Humic acids isolated from vermicompost showed common chemical features usually associated with high biological activity such as phenols and carboxylic functional indicated by the at 56, 130 to 150 and 174 ppm chemical shift in 13C-CP/MAS NMR spectrum [38, 39]. The presence of bioavailable C-carboxyl and O-aryl-C was observed by both NMR spectroscopy and acid–basic titration curve unveiling a chemical behaviour of polyelectrolyte weak acids. At the growth medium pH, undissociated forms of different weak acid groups were found in a wide range of pKa.

The humic acid suspension at 4 mM C and 8 mM C L−1 promoted the maize seedlings root growth with respect to control (Fig. 2). The effect of humic acids in root is often dependent on concentration, organic source, plant type and age [1]. The average increase in root dry weight following humic acids application is usually around 20% in different experimental conditions [40], much smaller than root stimulation observed in this study (80 to 170%). Low concentration of both acetic and salicylic acids also promoted root growth with respect to control (Fig. 2). The stimulation associated with acetic acid was related to activation of jasmonate (JA) signalling pathway that confers drought tolerance [33]. Exogenous application of salicylic acid is often related to activation of plant defence, but may also play a role during the plant response to different abiotic stresses with crucial role in the regulation of physiological and biochemical processes during the entire lifespan of the plant [41].

The main short effect of weak acids in plants is cellular pH decrease by COOH dissociation as observed in all treatments revealed by BCECF probe (Fig. 2). BCECF-AM pH probe is a widely used analytical tool based on a fluorescence signal after hydrolysis of the acetoxymethyl ester bond by intracellular esterases [42]. In addition, its fluorescence reflects changes in the intracellular environment determined by the specific accumulation of BCECF in the cytoplasm [43]. The lipophilic weak acids enter the cell solely in their undissociated form, and it is this concentration that determines the magnitude of the pH change [44]. The effect of organic acids in cell pH drops is transient and dependent on both concentration and chemical nature of organic acids. Here, we observe a lasting-effect of humic acids on cytosolic acidification since the measurement was done after 30 min of incubation and 24 h of fixation. The inclusion of phenolic and carboxylic acid functionalities, pertaining to either bioavailable lignin units and saturated, unsaturated, and hydroxylated plant fatty acids, were closely related to the effective bioactivity properties and stress recover responses in plant treatments with vermicompost humic acids [39, 44,45,46,47].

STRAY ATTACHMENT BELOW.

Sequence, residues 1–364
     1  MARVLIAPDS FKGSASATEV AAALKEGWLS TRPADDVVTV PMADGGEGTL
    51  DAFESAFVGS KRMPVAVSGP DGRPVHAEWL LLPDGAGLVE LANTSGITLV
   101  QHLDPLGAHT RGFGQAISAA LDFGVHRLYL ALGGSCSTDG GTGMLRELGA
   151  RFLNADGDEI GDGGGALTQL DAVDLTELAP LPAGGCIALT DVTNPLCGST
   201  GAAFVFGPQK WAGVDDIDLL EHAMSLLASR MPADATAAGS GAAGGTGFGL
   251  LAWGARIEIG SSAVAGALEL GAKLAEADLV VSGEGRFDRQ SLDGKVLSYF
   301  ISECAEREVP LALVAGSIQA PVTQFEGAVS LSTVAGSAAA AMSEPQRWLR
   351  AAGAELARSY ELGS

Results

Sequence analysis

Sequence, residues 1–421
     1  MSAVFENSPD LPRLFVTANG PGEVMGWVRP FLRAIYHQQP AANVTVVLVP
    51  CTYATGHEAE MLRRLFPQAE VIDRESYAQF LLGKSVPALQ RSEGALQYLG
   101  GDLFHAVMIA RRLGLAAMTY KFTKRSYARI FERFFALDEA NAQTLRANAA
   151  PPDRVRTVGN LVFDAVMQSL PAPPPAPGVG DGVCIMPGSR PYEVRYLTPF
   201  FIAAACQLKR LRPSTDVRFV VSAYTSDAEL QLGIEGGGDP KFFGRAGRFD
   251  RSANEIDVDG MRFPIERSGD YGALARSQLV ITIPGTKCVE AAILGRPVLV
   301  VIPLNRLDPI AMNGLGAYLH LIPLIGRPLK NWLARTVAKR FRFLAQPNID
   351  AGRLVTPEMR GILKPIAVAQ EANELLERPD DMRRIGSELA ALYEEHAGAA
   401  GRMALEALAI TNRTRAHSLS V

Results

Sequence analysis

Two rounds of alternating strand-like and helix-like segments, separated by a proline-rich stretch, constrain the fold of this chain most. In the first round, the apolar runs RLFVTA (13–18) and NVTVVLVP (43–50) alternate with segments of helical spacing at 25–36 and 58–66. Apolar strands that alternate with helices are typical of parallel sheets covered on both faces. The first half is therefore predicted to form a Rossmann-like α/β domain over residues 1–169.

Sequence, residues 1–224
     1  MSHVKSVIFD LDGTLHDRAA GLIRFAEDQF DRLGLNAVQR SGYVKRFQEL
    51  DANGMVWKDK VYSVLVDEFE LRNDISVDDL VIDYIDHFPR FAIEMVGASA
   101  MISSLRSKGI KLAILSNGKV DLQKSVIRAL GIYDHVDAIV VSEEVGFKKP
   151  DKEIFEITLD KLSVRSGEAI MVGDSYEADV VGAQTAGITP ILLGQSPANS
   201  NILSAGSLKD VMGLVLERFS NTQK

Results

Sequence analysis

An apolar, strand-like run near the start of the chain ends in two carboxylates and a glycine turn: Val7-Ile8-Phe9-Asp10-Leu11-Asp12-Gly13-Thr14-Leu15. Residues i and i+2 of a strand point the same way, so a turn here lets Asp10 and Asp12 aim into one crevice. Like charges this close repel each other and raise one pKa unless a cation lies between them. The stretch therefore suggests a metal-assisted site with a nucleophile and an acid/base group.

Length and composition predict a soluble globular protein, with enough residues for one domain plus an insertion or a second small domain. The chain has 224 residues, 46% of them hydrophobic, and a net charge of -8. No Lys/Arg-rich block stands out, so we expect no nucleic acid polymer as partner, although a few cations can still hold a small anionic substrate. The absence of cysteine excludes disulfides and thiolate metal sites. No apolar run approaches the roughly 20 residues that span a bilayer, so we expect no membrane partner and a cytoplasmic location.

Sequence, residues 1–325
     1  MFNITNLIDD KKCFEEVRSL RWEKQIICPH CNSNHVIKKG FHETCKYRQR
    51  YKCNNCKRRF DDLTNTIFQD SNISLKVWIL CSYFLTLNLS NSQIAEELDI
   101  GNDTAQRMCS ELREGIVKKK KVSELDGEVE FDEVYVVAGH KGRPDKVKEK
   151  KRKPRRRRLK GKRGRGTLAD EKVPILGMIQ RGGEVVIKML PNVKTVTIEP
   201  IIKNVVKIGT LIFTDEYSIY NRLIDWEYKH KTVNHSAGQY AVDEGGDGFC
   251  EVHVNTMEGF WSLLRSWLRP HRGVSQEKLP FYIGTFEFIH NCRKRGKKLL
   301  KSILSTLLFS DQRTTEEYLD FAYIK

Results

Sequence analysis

There are many interpretations of physiological significance of intracellular acidification. Hagendoom et al. [42] showed a correlation between secondary metabolite production and a low cytoplasmic pH in different plant species. However, cytoplasmic acidification is not necessarily a prerequisite for the induction of secondary metabolite production, but might be part of a metabolic shift that accompanies this production [42]. Pelagio-Flores et al. [47] showed that inoculation with Trichoderma promotes a plant acidification and anthocyanin accumulation (secondary metabolism product) enhancing the plant protection mechanism. The phenolic compounds accumulation in plants treated with humic substances were previously observed as well as the promotion of activity of phenylalanine (tyrosine) ammonia-lyase (PAL/TAL) [48]. This enzyme catalyses the first committed step in the biosynthesis of phenolics by converting phenylalanine to trans-cinnamic acid and tyrosine to p-coumaric acid.